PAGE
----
Jan 7, 2023

Interaction-free, single-pixel quantum imaging with undetected photons

Posted by in categories: biological, computing, quantum physics

Over the past few decades, several imaging protocols based on quantum technologies have been realized1,2, which have expanded the application capabilities of optical imaging. These include ghost imaging (GI)3,4, quantum imaging with undetected photons (QIUP)5, and interaction-free measurements (IFMs)6,7. The quantum GI scheme relies on the spatial correlations of entangled photon pairs and requires two-photon coincident measurements. Furthermore, ghost imaging can also be realized with classical intensity-fluctuation correlations8. Later, various single-pixel imaging (SPI) protocols were proposed9,10,11,12,13, where the spatial correlations are not between two photons but between one photon and a programmable mask held in a spatial light modulator (SLM).

In contrast to modern digital cameras employing array sensors to capture images, SPI use a sequence of masks to interrogate the scene along with the correlated intensity measurements by a single-pixel detector. The spatially resolved masks are usually generated by computer and displayed by SLM. Combined with compressive techniques10, the number of sampling measurements is fewer than the total number of pixels in the image. Thereby, SPI can reduce the data processing requirement, and shows potential capability for high dimensional sensing12. On the other hand, the modern single-photon detector is featured by improved detection efficiency, lower dark counts, and faster timing response14. Such enhancements have significance to applying SPI into weak signal detection scenarios, such as scattering medium imaging or long-range 3D imaging11.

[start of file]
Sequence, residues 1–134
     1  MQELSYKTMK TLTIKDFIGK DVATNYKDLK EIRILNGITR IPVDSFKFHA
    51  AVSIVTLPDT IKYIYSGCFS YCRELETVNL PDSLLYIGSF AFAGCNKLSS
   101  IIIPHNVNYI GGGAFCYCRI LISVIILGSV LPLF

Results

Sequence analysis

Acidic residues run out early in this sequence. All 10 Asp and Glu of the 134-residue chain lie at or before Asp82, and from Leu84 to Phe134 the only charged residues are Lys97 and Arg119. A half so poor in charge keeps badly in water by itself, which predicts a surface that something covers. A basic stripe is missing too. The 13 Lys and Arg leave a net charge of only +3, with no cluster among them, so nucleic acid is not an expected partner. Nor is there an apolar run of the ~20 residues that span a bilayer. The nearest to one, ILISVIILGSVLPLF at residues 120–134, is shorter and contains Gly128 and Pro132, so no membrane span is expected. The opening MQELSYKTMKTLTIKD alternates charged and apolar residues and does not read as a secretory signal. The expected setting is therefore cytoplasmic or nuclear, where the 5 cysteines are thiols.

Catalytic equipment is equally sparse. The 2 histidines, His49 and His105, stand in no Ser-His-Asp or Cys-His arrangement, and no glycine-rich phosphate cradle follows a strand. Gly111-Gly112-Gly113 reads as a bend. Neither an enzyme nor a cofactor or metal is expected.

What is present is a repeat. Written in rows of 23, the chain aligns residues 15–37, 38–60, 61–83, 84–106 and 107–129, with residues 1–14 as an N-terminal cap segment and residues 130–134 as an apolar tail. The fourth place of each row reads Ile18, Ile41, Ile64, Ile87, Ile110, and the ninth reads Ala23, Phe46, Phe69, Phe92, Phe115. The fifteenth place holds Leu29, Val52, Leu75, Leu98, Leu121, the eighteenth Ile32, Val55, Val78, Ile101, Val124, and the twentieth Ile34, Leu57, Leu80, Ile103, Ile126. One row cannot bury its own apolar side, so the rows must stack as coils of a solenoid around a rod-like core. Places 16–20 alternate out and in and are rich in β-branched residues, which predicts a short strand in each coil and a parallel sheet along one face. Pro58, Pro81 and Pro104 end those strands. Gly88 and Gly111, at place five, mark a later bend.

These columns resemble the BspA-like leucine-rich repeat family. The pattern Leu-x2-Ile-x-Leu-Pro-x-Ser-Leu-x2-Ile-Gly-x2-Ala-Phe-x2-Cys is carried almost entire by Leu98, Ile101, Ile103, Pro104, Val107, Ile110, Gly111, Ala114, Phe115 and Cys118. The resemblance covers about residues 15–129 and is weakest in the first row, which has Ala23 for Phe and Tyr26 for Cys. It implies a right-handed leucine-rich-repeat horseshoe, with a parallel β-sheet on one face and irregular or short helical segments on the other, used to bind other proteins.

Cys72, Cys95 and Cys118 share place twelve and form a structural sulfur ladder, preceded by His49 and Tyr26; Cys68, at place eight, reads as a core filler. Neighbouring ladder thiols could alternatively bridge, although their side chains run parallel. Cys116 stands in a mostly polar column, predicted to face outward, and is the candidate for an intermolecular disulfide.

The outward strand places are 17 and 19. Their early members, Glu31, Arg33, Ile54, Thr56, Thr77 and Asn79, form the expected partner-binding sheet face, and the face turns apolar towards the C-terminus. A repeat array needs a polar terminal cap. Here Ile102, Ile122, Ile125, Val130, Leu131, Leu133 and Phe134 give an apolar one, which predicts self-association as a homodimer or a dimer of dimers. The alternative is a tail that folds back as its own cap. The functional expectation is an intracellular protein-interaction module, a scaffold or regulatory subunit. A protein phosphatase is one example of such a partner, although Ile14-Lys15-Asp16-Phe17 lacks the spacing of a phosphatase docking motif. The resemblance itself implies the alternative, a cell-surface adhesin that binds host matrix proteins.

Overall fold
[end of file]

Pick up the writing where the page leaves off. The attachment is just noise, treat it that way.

The QIUP scheme is based on induced coherence (IC), which was first proposed by Zou, Wang, and Mandel15. They used two photon sources to generate photon pairs. By overlapping path of two sources for one photon (idler)15,16,17 and establishing the so-called path identity18,19, there is no information about the origin of the other photon (signal). Thus, the signal photon is in the superposition state of being created in either of the sources. The phase and transmissivity of the idler photon are encoded in the interference of the signal photon. Inserting one object onto the idler path between two sources, one can obtain images exclusively with the signal photons which have no interaction with the object5. In contrast to GI, QIUP does not involve the detection of the photon illuminating the object or any coincidence measurement. This is an advantage of QIUP, as the wavelength of the detected photon can be chosen independently from that of the photon interacting with the object5. This concept was further explored in infrared (IR) spectroscopy20, optical coherence tomography21,22, mid-IR imaging23,24,25, terahertz (THz) sensing26, biological microscopy27, and holography28. Recently, the related SU(1,1) interferometer has been investigated and employed in quantum-enhanced metrology29,30,31,32,33.

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